No, the Eastern Orthodox have a slightly different canon of Scripture. Everything in the Catholic canon is included in the Eastern Orthodox canon, but they have some additional parts:
- 3 & 4 Maccabees
- Psalm 151
- The Prayer of Manasseh in Chronicles
- 1 Esdras
The reason for this is that while the New Testament canon was essentially universally agreed upon by the fourth century, minor variations in the Old Testament persisted through the Great Schism (c. 1054). These differences, as you can see, were relatively minor and nothing close to the later difference between the Protestant Old Testament and the Catholic/Orthodox Old Testament.
Another reason for the difference is that the Eastern Orthodox do not hold the same legalism as the Catholic Church when it comes to inspiration and canonical status. For them, it is a bit more fluid of an understanding; canonical simply means that something is acceptable to be read in liturgy. Even today there are some slight differences between the Eastern Orthodox Churches in regard to what each Church considers canonical (i.e. to be used in liturgy). For example, some Eastern Orthodox Churches do not read from the book of Revelation at divine liturgy. Hence they would not call it canonical, but they would still consider it to be divinely inspired and morally binding. In this fluid approach the Eastern Orthodox are very similar to ancient Judaism.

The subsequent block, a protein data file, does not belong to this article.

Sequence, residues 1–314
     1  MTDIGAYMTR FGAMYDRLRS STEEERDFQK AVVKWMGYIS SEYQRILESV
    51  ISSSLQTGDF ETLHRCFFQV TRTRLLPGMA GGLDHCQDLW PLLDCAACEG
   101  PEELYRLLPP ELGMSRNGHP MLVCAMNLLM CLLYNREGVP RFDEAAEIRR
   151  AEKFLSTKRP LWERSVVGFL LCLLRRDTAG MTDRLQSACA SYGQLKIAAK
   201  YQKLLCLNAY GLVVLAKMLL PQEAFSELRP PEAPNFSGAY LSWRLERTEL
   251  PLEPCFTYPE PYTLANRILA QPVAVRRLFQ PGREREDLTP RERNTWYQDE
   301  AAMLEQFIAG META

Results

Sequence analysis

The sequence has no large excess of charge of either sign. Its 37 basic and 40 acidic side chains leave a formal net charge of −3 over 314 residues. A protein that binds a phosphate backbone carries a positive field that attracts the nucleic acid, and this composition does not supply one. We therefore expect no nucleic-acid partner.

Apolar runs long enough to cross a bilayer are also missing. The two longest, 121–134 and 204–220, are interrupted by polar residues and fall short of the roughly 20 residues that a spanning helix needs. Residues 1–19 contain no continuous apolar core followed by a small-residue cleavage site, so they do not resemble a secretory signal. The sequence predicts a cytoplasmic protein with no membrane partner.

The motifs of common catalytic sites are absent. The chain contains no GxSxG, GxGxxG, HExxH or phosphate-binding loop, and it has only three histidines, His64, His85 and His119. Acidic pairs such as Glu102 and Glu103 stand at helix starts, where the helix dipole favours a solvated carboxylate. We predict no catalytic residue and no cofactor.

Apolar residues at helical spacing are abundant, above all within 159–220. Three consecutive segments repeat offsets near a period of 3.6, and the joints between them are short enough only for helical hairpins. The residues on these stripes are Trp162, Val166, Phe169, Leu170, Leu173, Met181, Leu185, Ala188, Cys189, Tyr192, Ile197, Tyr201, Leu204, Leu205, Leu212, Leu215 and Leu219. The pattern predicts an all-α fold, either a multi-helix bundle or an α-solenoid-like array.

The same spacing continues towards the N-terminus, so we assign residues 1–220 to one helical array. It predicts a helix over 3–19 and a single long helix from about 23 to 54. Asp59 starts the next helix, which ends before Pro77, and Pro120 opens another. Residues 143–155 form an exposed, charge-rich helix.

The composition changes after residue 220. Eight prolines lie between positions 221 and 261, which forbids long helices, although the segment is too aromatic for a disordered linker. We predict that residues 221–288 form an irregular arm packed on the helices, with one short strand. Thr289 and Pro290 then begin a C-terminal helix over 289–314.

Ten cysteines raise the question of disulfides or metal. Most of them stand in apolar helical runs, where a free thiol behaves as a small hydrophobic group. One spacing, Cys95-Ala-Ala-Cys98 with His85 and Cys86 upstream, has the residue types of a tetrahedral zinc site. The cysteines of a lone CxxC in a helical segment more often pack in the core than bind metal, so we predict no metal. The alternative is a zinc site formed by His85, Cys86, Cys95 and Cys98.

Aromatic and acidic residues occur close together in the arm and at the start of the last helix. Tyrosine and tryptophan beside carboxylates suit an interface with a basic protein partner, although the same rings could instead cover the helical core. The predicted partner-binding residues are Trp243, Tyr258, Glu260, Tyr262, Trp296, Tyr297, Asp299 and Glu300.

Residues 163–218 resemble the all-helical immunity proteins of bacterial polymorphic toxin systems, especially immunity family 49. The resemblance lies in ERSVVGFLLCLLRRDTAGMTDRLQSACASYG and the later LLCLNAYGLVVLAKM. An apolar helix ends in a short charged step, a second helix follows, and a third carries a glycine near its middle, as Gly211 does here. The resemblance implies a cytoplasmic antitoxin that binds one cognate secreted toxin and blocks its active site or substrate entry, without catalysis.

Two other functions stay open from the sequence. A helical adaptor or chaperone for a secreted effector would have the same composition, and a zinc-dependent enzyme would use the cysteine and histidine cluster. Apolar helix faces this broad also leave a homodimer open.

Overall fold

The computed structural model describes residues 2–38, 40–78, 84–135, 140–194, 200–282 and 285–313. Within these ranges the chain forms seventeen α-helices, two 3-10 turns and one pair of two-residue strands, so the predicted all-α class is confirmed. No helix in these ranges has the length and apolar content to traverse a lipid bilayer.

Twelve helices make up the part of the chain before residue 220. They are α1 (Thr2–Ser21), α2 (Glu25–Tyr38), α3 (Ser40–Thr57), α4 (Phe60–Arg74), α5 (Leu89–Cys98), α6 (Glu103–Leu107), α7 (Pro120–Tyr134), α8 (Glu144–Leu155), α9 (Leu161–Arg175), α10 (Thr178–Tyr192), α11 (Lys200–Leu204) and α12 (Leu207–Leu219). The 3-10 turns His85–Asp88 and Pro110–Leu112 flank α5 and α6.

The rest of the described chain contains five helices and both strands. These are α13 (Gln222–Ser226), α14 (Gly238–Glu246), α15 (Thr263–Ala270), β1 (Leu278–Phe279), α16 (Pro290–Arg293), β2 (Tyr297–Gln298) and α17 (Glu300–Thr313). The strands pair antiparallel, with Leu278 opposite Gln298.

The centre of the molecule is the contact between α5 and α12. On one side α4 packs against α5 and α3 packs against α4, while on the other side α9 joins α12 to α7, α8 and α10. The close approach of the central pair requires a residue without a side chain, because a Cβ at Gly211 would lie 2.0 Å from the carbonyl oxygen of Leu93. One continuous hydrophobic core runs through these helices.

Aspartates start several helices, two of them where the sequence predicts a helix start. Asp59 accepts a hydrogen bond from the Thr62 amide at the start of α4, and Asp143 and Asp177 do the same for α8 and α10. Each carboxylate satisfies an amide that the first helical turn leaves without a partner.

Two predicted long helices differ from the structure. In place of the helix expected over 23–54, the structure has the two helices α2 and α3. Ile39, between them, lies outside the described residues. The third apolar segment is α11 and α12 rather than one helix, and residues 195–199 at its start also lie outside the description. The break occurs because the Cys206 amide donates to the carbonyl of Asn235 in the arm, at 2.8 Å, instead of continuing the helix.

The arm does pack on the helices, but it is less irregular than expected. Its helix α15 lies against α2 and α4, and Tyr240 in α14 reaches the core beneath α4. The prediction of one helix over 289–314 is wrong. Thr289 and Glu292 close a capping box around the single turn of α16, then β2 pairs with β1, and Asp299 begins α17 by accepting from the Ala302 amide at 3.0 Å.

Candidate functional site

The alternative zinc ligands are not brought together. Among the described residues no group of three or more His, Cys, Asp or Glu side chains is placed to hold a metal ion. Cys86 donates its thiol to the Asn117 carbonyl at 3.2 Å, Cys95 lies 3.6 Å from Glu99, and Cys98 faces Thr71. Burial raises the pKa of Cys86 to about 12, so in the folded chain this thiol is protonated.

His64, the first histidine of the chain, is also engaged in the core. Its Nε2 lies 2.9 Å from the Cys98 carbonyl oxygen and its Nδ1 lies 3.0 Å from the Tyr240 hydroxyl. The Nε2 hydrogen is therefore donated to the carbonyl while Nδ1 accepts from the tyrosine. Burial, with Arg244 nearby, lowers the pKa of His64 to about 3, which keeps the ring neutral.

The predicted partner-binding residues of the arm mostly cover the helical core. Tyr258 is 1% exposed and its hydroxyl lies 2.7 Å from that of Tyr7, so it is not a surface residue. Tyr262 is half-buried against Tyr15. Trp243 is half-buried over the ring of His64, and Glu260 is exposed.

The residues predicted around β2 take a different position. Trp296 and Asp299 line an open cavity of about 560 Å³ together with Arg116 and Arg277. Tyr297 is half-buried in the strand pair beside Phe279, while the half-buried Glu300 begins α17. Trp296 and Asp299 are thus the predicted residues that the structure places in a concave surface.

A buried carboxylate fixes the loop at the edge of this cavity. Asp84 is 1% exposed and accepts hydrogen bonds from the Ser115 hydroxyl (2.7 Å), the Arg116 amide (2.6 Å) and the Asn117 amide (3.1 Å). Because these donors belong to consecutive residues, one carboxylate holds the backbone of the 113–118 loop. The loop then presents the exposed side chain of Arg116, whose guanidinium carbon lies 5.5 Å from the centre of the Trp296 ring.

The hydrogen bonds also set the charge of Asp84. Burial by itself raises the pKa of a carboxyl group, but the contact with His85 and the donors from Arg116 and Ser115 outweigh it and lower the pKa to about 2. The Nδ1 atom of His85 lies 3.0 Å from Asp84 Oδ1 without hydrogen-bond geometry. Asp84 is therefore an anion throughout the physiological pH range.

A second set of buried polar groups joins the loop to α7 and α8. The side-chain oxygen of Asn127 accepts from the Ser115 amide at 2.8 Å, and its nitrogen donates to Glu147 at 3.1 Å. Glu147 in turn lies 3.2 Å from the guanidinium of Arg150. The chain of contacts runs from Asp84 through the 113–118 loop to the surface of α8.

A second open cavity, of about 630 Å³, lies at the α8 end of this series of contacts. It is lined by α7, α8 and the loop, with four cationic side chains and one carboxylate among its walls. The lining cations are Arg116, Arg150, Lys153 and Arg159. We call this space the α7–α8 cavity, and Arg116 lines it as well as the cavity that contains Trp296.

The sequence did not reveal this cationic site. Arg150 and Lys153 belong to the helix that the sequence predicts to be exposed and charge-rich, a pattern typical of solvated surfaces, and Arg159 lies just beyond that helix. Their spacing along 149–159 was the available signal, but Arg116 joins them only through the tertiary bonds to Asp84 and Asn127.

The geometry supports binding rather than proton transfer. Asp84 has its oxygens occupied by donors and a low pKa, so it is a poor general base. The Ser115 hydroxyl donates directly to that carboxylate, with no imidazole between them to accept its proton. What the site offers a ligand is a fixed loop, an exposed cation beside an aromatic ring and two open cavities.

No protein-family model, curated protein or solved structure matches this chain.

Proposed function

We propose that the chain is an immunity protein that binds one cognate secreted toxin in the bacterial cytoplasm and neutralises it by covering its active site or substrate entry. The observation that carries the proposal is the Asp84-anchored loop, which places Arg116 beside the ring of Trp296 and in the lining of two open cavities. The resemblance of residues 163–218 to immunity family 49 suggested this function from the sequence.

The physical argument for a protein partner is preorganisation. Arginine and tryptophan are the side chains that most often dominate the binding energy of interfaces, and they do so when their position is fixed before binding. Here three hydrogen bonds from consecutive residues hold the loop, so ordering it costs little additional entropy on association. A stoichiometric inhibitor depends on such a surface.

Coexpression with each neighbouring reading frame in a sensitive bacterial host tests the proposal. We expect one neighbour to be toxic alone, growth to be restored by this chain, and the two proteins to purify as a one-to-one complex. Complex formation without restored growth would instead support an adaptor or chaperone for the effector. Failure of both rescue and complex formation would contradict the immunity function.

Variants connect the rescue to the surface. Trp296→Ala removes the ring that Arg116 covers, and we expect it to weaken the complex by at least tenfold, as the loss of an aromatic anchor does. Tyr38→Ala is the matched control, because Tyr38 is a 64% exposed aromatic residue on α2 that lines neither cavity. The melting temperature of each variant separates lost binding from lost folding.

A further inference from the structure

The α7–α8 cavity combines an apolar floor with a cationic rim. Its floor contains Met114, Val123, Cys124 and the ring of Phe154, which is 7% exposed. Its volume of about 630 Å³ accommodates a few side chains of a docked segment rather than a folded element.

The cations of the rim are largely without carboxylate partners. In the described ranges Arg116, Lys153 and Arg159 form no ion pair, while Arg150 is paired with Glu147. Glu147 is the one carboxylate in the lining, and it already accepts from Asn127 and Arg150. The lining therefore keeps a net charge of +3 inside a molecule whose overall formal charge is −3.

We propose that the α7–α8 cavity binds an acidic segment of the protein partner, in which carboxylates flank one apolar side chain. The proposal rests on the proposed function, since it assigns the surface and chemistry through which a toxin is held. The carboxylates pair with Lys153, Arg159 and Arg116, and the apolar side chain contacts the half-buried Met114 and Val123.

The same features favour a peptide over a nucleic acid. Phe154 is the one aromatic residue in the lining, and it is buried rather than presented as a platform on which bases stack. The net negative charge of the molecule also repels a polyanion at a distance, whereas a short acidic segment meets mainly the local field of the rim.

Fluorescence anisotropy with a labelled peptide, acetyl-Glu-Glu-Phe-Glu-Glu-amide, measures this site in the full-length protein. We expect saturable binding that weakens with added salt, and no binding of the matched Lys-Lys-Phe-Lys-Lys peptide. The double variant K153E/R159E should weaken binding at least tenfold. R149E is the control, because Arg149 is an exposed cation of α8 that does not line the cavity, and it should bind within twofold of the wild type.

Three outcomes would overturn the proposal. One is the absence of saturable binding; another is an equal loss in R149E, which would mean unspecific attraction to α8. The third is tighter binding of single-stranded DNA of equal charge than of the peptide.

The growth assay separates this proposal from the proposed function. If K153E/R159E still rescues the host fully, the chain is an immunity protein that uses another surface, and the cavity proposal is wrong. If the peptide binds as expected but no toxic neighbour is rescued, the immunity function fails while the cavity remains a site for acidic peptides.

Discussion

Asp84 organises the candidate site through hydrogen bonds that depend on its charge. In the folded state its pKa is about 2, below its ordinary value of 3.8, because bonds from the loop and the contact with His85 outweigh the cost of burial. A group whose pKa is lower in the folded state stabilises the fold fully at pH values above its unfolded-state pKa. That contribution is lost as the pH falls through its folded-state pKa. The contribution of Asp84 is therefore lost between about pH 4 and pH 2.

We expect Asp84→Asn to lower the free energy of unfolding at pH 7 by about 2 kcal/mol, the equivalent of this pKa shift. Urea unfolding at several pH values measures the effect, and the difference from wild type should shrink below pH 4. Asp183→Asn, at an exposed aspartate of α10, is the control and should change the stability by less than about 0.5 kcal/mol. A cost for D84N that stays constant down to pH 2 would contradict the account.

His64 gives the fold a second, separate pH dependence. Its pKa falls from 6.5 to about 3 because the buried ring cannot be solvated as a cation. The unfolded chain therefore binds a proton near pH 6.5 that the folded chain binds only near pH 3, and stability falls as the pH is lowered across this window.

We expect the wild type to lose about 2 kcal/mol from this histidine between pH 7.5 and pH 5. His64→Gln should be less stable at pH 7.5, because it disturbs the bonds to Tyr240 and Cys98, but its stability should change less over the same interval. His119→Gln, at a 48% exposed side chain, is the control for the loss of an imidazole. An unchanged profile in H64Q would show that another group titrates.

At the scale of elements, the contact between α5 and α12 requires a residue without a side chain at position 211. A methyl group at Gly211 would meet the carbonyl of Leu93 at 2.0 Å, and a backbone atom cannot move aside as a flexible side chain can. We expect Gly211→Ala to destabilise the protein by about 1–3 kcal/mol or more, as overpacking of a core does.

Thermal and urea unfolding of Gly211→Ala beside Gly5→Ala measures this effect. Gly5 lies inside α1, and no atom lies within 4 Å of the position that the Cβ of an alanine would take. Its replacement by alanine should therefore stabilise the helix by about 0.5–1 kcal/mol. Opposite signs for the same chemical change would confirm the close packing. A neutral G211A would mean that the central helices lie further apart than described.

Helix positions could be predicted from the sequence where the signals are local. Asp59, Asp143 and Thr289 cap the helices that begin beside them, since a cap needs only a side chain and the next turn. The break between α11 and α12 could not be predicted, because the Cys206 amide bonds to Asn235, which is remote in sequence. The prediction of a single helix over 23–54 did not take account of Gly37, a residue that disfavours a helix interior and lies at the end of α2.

In Western Christianity the Catholic Church makes no distinction between canonical and inspired. We also have with exactness defined what books and parts of books we accept. In eastern Christianity the Orthodox Churches have have not made such exact definitions and see the differences amongst themselves as so minor as to not require any further action.